VAN DER BURGH: I think I am at an advantage, being at home you have a support base which is your family and your fellow South Africans. The situation for me was just different, at the age where you decide to go over for a year, so you stay in South Africa, and I had really great support. Luckily, I was able to swim fast enough and financially I was able to fund myself for a lot of international competitions and you know I think for me, at the time, staying in South Africa was the best choice. It has opened up a lot of doors for a lot of people. I am not saying that the US is a bad idea but you know, it is not the only choice, and I think if you have the opportunity to do well and swim in South Africa, I think you go for it, because that is the only way that we are going to build swimming in South Africa by letting South Africa and the rest of our young swimmers see quality swimming in our back yard. That is the only way they will get interested and come out to competitions and we can grow the sport. JOFFE: Very valid point. Finally, SASCOC are very confident, they are talking about 12 medals in London. It’s a big number compared to the one medal we got at the last Olympics. The swimmers, you guys are going to have to get at least 6 of those 12.
VAN DER BURGH: (laughter) Ja, you know it’s good to be optimistic about the medals, we did very well at the Commonwealth Games, obviously the Commonwealth Games is not the Olympics, but I think we have shown really great times and then SASCOC has put a lot of funding into swimming. They believe we can do well and I think there was the right approach over the last four years. We have had the opportunity to travel where we want, we just had to apply for what we need and keep it related to training and we benefit. From my point of view, you can't say SA is this and Australia is this, we have had all the opportunities and now we just need to perform. JOFFE: Cameron van der Burgh, great chatting to you on Sports Fire. Best of luck for the Olympics and look forward to seeing you on that podium in London.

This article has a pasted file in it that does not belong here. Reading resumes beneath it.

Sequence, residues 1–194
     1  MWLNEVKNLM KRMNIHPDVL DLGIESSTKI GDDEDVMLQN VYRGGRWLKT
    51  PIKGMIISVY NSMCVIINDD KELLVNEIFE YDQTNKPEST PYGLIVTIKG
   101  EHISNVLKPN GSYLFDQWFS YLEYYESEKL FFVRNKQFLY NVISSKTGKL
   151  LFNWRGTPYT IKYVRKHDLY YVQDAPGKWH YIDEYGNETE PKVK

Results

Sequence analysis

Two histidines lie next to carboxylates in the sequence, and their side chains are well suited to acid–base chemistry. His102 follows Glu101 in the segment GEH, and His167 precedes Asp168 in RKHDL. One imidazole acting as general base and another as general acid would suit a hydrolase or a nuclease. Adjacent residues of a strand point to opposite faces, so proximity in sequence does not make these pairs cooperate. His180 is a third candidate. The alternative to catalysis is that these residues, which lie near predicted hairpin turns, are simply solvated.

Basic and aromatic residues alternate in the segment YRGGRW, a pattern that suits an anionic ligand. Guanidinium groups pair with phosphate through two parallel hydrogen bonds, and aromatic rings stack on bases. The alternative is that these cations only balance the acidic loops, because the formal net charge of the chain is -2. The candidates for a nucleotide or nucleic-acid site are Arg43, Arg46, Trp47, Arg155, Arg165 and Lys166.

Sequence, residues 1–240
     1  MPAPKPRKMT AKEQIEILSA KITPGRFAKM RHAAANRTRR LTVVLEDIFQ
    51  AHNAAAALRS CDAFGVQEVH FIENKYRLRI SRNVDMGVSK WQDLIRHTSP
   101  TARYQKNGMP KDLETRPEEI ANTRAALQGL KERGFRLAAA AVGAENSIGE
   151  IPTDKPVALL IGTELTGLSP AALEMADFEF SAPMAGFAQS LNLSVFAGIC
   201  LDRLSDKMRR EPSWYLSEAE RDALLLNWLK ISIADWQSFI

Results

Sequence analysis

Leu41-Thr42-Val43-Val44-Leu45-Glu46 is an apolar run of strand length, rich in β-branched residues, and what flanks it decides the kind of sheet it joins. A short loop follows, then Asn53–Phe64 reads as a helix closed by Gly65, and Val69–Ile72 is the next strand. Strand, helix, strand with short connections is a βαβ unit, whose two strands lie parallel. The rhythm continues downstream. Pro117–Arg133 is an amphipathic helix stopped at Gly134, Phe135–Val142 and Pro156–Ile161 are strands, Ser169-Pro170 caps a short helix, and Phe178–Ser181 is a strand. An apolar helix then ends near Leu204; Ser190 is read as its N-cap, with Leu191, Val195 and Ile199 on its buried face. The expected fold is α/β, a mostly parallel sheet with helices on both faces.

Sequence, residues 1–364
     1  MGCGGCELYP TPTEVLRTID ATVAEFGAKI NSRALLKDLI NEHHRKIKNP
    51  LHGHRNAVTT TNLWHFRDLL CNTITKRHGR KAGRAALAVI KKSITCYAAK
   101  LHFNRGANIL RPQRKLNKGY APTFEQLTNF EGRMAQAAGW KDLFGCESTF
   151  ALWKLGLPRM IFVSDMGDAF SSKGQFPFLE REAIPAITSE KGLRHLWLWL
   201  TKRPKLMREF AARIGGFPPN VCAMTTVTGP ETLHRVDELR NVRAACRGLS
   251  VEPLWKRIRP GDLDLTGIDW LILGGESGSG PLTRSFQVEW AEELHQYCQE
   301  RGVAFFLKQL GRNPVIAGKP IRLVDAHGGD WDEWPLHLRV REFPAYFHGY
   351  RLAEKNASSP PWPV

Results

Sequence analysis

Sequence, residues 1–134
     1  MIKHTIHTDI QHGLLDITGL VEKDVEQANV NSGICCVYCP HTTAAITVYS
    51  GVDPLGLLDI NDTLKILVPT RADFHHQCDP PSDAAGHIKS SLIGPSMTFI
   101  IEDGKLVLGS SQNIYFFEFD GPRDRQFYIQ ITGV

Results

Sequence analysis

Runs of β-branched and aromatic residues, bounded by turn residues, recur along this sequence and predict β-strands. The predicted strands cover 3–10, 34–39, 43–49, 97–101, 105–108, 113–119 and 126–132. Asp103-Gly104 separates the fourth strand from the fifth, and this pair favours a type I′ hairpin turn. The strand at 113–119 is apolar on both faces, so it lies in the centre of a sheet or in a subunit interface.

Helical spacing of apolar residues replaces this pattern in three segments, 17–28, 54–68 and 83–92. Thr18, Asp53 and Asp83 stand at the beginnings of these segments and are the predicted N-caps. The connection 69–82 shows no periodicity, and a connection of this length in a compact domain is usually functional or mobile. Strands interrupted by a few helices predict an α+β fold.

VAN DER BURGH: Thank you so much, I really appreciate it, take care.
Catch Graeme Joffe on SportsFire every Monday and Thursday at 17:30 on Radio Today, 1485am in JHB, National on DStv audio channel 169 and streaming worldwide on www.1485.org.za. Follow Graeme Joffe on Twitter: @joffersmyboyCameron van der Burgh, 23, represented South Africa at the 2008 Summer Olympics and has won numerous World Championship medals. Van der Burgh is the current world record holder in both the 25m and 50m short course events as well as the 50m long course. He was named Swimming World Magazine's African Swimmer of the Year from 2009-2011 and was FINA World Cup Overall Male Winner in 2008 and 2009.